On Mon, Mar 28, 2016 at 12:36 PM, Stephen Frost <sfr...@snowman.net> wrote:
> Having to figure out how each and every stdlib does versioning doesn't
> sound fun, I certainly agree with you there, but it hardly seems
> impossible. What we need, even if we look to move to ICU, is a place to
> remember that version information and a way to do something when we
> discover that we're now using a different version.
I think that the versioning situation is all over the place. It isn't
in the C standard. And there are many different versions of many
different stdlibs to support. Most importantly, where support
nominally exists, a strong incentive to get it exactly right may not.
We've seen that already.
> I'm not quite sure what the best way to do that is, but I imagine it
> involves changes to existing catalogs or perhaps even a new one. I
> don't have any particularly great ideas for existing releases (maybe
> stash information in the index somewhere when it's rebuilt and then
> check it and throw an ERROR if they don't match?)
I think we'd need to introduce an abstraction like a "collation
provider", of which ICU would theoretically be just one. The OS would
be a baked-in collation provider. Everything that works today would
continue to work. We'd then largely just be grandfathering out systems
that rely on OS locales across major version upgrades, since the vast
majority of users are happy with Unicode, and have no cultural or
technical reason to prefer the OS locales that I can think of.
I am unconvinced with the idea that it especially matters that sort(1)
might not be in agreement with Postgres. Neither is any Java app, or
any .Net app, or the user's web browser in the case of Safari or
Google Chrome (maybe others). I want Postgres to be consistent with
Postgres, across different nodes on the network, in environments where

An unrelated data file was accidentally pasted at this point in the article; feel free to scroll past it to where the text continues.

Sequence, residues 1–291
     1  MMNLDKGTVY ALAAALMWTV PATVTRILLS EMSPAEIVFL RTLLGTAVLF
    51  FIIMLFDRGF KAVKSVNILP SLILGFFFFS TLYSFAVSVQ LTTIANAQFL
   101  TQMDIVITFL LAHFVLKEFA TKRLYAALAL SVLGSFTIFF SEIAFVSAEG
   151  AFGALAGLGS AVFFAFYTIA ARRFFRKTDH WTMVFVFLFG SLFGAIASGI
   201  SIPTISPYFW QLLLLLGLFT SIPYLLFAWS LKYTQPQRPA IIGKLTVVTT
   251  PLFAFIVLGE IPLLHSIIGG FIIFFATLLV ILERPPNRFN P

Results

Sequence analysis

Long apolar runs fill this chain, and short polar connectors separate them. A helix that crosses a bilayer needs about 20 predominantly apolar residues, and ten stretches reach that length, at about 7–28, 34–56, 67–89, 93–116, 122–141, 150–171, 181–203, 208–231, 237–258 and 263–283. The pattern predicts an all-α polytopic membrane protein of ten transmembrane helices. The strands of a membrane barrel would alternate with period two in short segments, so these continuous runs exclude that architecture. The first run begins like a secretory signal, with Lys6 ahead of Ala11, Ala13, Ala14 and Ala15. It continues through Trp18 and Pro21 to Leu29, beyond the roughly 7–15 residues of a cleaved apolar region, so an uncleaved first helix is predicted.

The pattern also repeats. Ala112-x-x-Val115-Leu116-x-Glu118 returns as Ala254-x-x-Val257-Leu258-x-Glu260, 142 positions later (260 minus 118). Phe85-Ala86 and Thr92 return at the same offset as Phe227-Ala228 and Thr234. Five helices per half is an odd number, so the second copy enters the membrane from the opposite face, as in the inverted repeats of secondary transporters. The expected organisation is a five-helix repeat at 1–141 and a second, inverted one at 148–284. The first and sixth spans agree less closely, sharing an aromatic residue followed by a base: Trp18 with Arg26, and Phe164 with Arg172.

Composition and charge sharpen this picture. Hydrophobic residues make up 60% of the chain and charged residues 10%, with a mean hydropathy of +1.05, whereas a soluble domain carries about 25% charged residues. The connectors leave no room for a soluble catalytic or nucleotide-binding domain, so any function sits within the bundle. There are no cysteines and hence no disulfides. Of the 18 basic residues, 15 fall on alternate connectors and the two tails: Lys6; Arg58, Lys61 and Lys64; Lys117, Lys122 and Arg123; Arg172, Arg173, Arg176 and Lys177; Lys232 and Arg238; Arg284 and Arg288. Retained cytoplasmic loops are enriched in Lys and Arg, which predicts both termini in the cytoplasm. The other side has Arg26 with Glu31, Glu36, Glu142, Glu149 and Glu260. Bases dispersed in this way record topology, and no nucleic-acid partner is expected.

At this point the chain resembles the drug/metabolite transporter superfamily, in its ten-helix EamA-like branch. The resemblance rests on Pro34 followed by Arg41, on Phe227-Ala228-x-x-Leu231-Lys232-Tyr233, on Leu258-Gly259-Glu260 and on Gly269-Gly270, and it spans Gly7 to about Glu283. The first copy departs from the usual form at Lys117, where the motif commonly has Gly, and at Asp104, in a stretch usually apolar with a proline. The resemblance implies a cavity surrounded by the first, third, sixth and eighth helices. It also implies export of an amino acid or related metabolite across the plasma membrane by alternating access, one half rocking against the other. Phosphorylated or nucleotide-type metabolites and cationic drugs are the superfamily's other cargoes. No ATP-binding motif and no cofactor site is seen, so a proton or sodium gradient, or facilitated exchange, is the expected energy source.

I may have little knowledge of the underlying OS. Think "sort pushdown
Users from certain East Asian user communities might prefer to stick
with regional encodings, perhaps due to specific concerns about the
Han Unification controversy. But I'm pretty sure that these users have
very low expectations about collations in Postgres today. I was
recently told that collating Japanese is starting to get a bit better,
due to various new initiatives, but that most experienced Japanese
Postgres DBAs tend to use the "C" collation.
I don't want to impose a Unicode monoculture on anyone. But I do think
there are clear benefits for the large majority of users that always
use Unicode. Nothing needs to break that works today to make this
happen. Abbreviated keys provide an immediate incentive for users to
adopt ICU; users that might otherwise be on the fence about it.
>> The question is only how we deal with this when it happens. One thing
>> that's attractive about ICU is that it makes this explicit, both for
>> the logical behavior of a collation, as well as the stability of
>> binary sort keys (Glibc's versioning seemingly just does the former).
>> So the equivalent of strxfrm() output has license to change for
>> technical reasons that are orthogonal to the practical concerns of
>> end-users about how text sorts in their locale. ICU is clear on what
>> it takes to make binary sort keys in indexes work. And various major
>> database systems rely on this being right.
> There seems to be some disagreement about if ICU provides the
> information we'd need to make a decision or not. It seems like it
> would, given its usage in other database systems, but if so, we need to
> very clearly understand exactly how it works and how we can depend on
It seems likely that it exposes the information required to make what
we need to do practical.
Certainly, adopting ICU is a big project that we should proceed
cautiously with, but there is a reason why every other major database
system uses either ICU, or a library based on UCA  that allows the
system to centrally control versioned collations (SQLite just makes
I think that ICU *could* still tie us to the available collations on
an OS (those collations that are available with their ICU packages).
What I haven't figured out yet is if it's practical to install
versions that are available from some central location, like the CLDR
. I don't think we'd want to have Postgres ship "supported
collations" in each major version, in roughly the style of the IANA
timezone stuff, but it's far too early to rule that out. It would have
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